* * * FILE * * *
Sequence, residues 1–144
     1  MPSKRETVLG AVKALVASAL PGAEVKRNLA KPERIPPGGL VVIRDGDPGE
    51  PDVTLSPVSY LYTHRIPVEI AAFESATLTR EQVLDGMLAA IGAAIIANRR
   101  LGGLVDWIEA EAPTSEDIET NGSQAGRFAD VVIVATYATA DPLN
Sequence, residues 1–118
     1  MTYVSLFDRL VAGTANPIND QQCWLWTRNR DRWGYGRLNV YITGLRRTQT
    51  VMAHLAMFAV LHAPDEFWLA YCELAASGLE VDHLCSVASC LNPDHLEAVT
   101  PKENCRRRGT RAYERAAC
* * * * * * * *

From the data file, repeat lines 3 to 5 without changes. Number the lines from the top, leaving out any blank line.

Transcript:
    51  PDVTLSPVSY LYTHRIPVEI AAFESATLTR EQVLDGMLAA IGAAIIANRR
   101  LGGLVDWIEA EAPTSEDIET NGSQAGRFAD VVIVATYATA DPLN
Sequence, residues 1–118